This approach has direct influence on the second aspect of important guidance from this Tribunal on expert witnesses. In Ostrander Point, the weight of Tribunal attention to each expert witness depended very much on the degree of specific expertise provided by the expert. Thus, significantly, the evidence receiving the greatest attention from the Tribunal was the evidence from the most qualified experts. In the case of the Blanding’s turtle, the Tribunal observed that two witnesses—one for the appellants and one for the instrument holder—were qualified as experts on this specific species. The decision then pays greatest regard to the evidence from these witnesses in its decision.

It is notable that the government provided no expert witness on this species. This circumstance differs from the recent Nelson Aggregate decision (cited above) where one of the two experts qualified on the endangered species (Jefferson Salamander) before that tribunal was from the MNR.

This aspect of Ostrander Point raises important strategic issues for REA applicants: do they obtain specialized experts up-front to assist in the REA and applicable ESA process or do they wait for a hearing, but then accept the addition of new experts from all parties at the hearing? Ostrander Point reflects the latter approach.

  1. Approach to new access to Crown lands

The Ostrander Point decision is the first REA appeal decision to address a project on Crown lands.

A key issue for the Tribunal was the development of roads used to access the wind project site. The Electricity Act, 1998 includes in O.Reg.160/99 an expansion to the definition of a “renewable energy generation facility” to include all transportation systems constructed solely to provide access to the facility, including “systems on Crown land”; however, the facility does not include “a highway intended for or used by the general public for the passage of vehicles”: ss.1(4) and (5). This exclusion makes it important to review the use of roads needed to establish the new renewable energy facility. The Tribunal carried out this review by examining a work permit provided by the MNR to the REA permit holder. This work permit advised that the proposed roads would be “multipurpose” and would allow “greater access to the Crown land resource for hunting and trapping and other passive recreational activities” (¶639). The only restrictions would be to those roads at each turbine location and the transformer station that were subject to a Crown lease.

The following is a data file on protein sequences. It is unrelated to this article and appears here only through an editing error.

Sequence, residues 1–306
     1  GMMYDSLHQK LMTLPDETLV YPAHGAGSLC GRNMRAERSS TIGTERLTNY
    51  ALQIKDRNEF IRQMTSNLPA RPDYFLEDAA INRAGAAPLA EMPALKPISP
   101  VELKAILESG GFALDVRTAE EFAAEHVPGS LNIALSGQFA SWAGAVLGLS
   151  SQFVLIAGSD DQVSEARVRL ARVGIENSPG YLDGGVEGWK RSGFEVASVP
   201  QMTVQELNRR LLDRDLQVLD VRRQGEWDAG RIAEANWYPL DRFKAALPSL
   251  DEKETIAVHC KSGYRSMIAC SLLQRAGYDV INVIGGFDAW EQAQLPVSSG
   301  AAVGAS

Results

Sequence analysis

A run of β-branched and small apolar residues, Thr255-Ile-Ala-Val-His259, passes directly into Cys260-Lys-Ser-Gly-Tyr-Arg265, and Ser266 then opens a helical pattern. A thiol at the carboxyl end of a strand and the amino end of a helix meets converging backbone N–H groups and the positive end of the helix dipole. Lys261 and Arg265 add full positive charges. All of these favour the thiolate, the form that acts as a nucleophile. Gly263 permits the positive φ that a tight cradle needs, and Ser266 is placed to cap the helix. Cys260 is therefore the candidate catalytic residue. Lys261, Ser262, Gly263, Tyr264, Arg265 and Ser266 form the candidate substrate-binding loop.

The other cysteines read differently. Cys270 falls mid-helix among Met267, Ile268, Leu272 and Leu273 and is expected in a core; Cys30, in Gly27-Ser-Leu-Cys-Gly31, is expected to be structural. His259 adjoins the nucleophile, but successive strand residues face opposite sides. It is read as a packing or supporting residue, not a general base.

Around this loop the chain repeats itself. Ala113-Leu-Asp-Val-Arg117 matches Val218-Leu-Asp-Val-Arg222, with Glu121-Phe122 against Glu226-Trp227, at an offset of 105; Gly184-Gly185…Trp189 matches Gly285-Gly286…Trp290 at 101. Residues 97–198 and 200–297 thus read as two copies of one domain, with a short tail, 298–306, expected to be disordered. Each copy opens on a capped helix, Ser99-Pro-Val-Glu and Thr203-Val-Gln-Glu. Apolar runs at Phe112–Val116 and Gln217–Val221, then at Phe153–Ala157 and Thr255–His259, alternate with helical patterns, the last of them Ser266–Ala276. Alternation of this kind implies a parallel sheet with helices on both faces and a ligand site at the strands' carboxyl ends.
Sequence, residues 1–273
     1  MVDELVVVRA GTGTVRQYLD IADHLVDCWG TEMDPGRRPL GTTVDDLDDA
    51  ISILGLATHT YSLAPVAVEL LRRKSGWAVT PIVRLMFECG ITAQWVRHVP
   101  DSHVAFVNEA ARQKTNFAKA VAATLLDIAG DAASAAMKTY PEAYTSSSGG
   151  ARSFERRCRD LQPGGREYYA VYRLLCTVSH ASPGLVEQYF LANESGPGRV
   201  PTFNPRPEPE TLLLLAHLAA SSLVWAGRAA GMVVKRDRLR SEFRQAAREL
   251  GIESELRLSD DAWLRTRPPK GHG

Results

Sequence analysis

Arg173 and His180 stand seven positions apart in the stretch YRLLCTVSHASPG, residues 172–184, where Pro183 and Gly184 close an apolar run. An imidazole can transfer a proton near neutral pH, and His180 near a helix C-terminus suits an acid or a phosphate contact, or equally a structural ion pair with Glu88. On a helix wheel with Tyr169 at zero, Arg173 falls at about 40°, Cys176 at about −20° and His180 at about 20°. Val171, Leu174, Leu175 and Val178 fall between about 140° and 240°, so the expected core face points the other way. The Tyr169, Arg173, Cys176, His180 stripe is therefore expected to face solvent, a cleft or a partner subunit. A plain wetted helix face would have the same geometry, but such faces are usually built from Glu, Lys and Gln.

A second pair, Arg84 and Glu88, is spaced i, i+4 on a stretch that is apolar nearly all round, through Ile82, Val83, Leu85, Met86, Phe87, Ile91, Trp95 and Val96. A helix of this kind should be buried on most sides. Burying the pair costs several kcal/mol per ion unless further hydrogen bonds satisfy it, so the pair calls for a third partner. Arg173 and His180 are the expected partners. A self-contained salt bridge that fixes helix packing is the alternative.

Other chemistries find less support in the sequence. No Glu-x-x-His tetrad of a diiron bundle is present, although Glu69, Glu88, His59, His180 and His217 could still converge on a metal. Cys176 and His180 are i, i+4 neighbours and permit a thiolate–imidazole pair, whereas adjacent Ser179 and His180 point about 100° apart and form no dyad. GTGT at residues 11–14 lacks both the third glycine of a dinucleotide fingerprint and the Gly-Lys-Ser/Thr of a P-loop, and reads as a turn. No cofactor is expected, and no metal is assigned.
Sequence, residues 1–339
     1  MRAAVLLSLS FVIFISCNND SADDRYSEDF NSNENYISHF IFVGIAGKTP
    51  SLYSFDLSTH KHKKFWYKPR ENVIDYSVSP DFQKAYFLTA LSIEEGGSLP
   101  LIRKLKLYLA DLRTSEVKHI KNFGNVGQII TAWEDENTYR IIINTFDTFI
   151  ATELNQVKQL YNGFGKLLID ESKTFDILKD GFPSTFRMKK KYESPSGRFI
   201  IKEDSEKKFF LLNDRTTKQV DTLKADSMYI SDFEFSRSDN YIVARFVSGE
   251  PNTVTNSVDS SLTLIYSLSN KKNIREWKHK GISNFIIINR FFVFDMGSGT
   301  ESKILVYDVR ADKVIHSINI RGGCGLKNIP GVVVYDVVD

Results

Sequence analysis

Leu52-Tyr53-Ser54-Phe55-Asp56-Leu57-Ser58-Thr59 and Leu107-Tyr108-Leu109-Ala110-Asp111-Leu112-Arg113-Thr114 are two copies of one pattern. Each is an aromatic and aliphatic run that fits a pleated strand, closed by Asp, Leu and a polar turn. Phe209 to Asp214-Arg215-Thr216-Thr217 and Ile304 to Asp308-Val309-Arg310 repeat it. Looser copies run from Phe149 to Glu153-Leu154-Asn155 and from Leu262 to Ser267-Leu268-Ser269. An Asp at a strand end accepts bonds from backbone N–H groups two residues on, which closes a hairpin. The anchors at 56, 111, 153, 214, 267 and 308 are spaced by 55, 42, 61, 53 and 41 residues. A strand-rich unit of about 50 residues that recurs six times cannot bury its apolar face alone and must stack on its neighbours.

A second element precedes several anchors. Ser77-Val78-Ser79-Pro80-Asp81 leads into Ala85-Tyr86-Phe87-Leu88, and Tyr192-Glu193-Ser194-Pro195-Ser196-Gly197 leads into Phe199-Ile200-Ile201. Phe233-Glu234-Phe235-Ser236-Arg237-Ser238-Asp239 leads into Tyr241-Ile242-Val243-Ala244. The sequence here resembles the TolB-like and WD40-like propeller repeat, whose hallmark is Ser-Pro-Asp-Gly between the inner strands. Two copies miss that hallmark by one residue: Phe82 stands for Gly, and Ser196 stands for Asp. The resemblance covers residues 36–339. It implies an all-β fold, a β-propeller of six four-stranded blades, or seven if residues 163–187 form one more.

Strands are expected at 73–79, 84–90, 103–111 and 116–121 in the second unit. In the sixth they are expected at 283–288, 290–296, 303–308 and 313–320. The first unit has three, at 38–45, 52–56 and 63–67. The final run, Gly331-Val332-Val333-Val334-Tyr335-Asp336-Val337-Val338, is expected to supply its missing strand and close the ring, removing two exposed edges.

In its summary of findings, the Tribunal set out serious concern with this approach on access to Crown lands, as follows:

In the Tribunal’s view, the current REA indicates the MNR is trying to have it both ways; to allow an increased level of public use, while at the same time allowing a wind energy project. Although such a result would be a “win-win”, in the Tribunal’s view it will cause serious and irreversible harm to Blanding’s turtle at the Project Site and in the surrounding habitat areas (¶640).

This approach to road access was under permits issued by the MNR and not within the jurisdiction of the Tribunal to alter. It thus provided the Tribunal with further reason to conclude that there was no alternative project design available to it that “avoids the road mortality issue” identified by the Tribunal regarding the Blanding’s turtle (¶637).


The precedents established by this decision have many audiences. 

Despite the details provided by the Tribunal in its lengthy reasons, there are many legal issues arising from the decision that remain to be answered.

Given the implications of this decision on the Province and on the instrument holder, an appeal to court may be the next step in this lengthy REA process.